National Security

Key Points

Risks from oil depletion (see: The Oil Crunch, securing the UK's energy future)

  • Shell expects:
    • Energy demand will increase for decades
    • "Easy oil" supplies cannot meet this demand alone
    • "Increased use of energy means rising greenhouse gas emissions at a time when climate change looms large as a critical issue."
    • Little spare capacity of manpower, drilling rigs
  • IEA 2007 reference scenario expects annual production growth of 1.3%/yr.
    • Production growth over previous 25 years was 1%/yr
    • Non-OPEC growth in that time was 1.1%/yr, OPEC was 0.9%/yr
    • Non-OPEC production expected to be level for next 30 years, hence OPEC growth will need to be 1.8%/yr to make up for demand.

“The oil investments required may be much, much higher than what people assume. This is a dangerous situation.”
….“We are of the opinion that the public isn't aware of the role of the decline rate of existing fields in the energy supply balance, and that this rate will accelerate in the future.”
- Fatih Birol, IEA chief economist

  • Global peaking will create far greater geopolitical side-effects, even in regions with stable or rising oil production (Geopolitical Peak Oil Feedback Loops Revisited (Jeff Vail))
  • 1. Return on Investment: Increased scarcity of energy, as well as increased prices, increase the return on investment for attacks that target energy infrastructure.
  • 2. Mercantilism: To avoid the dawning “bidding cycles” between crude oil price increases and demand destruction, Nation-States are increasingly returning to a mercantilist paradigm on energy. This is the attitude of “there isn’t enough of it to go around, and we can’t afford to pay the market price, so we need to lock up our own supply.”
  • 3. “Export-Land” Model: Jeffrey Brown (westexas on The Oil Drum), has proposed a geopolitical feedback loop that he calls the export-land model (most recently discussed in his Iron Triangle post).
  • 4. Nationalism: Because our Westphalian system is fundamentally broken, the territories of nations and states are rarely contiguous.
  • 5. Privateering: Nationalist insurgencies and economies ruined by the downslide of the “export-land” effect will leave huge populations with no conventional economic prospects. We are seeing exactly this effect in Nigeria.

Are the Government's Energy Statistics Reliable Enough?

  • Long considered "the gold standard" of energy information, the numbers from EIA, which is run by the Department of Energy, are regularly cited by the media and politicians alike.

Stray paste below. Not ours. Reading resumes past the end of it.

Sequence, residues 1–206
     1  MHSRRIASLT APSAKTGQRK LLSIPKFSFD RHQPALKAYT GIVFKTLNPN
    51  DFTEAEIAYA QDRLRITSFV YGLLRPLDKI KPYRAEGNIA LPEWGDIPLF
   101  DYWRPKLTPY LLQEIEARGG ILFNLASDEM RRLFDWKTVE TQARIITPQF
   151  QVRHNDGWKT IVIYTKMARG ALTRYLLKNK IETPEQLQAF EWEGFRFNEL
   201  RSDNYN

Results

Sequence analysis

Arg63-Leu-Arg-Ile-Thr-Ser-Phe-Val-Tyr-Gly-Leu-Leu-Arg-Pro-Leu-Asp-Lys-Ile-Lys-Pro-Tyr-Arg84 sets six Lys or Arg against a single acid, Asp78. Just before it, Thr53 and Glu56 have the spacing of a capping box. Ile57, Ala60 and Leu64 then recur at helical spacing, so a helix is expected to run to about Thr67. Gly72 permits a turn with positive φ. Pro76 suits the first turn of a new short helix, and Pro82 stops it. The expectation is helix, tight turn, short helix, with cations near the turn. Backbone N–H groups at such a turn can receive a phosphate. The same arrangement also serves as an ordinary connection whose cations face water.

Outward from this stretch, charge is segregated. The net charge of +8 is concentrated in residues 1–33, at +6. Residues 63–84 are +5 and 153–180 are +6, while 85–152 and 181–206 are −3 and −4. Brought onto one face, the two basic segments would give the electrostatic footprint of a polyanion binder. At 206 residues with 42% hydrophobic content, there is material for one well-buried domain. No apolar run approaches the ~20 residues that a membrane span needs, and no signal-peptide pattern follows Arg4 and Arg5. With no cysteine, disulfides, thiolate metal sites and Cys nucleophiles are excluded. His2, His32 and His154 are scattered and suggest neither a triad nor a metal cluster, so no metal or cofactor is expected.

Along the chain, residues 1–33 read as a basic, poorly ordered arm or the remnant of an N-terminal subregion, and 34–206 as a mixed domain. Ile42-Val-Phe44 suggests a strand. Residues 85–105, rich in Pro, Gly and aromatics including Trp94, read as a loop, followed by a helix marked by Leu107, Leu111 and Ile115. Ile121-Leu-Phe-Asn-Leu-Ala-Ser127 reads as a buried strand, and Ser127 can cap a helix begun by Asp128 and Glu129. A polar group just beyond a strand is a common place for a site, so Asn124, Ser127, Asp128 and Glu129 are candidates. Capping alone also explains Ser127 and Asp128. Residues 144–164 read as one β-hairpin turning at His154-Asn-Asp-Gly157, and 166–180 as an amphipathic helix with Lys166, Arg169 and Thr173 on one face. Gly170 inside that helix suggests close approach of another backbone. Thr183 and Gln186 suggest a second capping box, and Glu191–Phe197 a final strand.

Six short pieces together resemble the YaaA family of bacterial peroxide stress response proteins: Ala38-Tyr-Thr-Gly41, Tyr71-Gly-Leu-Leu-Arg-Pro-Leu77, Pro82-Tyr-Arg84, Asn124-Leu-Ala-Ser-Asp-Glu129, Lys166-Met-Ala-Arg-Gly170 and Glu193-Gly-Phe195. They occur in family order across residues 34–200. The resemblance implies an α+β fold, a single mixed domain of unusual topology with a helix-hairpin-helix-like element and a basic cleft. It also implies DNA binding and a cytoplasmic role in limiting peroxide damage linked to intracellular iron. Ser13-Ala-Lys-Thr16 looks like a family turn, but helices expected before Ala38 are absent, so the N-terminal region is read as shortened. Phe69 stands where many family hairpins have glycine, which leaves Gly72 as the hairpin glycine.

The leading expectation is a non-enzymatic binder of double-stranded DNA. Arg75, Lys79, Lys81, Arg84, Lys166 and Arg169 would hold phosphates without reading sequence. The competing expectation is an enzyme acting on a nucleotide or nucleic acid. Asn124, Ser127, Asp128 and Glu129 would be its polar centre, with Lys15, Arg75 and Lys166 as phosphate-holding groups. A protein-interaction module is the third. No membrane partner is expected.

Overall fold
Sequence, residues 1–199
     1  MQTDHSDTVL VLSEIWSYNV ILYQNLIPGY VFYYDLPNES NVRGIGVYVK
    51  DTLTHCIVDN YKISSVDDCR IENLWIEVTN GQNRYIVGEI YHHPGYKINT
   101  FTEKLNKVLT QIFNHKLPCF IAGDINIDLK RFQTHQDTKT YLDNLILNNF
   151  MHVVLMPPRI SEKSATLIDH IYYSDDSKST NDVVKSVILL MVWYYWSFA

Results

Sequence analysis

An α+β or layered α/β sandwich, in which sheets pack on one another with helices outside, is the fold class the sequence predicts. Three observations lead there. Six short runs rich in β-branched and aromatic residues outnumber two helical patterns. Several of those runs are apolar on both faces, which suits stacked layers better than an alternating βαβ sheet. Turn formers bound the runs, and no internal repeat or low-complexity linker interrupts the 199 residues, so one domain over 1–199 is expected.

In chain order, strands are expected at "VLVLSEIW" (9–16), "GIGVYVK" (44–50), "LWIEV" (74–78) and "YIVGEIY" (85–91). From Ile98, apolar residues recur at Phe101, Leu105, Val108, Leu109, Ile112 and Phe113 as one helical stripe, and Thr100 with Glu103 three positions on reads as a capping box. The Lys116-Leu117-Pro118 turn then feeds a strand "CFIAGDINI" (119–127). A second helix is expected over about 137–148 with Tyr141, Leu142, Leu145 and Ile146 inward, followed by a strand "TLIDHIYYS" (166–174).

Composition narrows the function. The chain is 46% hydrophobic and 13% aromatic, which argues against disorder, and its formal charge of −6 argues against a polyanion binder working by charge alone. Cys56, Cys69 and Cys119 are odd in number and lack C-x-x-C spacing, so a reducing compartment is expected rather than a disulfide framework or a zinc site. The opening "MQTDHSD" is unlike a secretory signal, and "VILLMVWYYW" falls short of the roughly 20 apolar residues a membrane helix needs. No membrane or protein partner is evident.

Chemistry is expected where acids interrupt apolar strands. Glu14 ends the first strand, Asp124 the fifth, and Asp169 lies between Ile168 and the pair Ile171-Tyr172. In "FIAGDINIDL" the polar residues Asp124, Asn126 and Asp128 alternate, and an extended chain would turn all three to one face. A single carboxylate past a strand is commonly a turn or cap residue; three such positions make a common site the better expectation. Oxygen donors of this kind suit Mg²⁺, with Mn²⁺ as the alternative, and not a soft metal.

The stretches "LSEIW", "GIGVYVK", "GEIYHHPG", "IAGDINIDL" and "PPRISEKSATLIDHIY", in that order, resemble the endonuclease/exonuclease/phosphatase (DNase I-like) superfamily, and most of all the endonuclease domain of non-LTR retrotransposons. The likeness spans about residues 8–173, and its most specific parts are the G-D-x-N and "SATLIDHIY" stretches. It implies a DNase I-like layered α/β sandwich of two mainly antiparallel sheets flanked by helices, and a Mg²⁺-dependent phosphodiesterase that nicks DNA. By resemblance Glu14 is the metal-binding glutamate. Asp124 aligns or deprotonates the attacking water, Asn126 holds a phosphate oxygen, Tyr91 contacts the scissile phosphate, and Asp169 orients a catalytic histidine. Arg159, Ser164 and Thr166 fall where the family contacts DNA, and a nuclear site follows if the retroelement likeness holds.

• Budget shortfalls, large staff cuts, and neglect under past administrations, observers say, are compromising both the quality and quantity of EIA's data, leaving the agency frustratingly handcuffed as energy markets are moving faster and becoming increasingly complex.
  • In 1981, the EIA's budget was $90 million. Today, in real terms, it's less than half that.
  • Without resources to track foreign oil markets, observers say, EIA underestimated China and India's rising oil use. Then, last year, it initially failed to register how quickly U.S. oil demand was falling, partly because it has limited resources to monitor biofuels.

Will US, China face off in Africa over oil reserves?

  • China, now the world's number two oil consumer, has spent decades currying favor with African nations.
  • In February [2009], Chinese president Hu Jintao made a four-country African tour, during which he signed loan and aid deals worth more than $100 million, according to a South African news Web site, www.iol.co.za.
  • Kwong does not expect these low prices to last more than a few months to a couple of years. In his Hong Kong Economic Times article he stated, "It can be scientifically proven that the world oil reserve is 1,262 billion barrels and the world population is growing steadily…. Based on the present daily consumption of 80 million barrels (per day) and the rising oil demand it is estimated oil supplies will be depleted by 2050."

The Imminent Crash Of The Oil Supply

Exporting countries depend on oil revenues to maintain political stability


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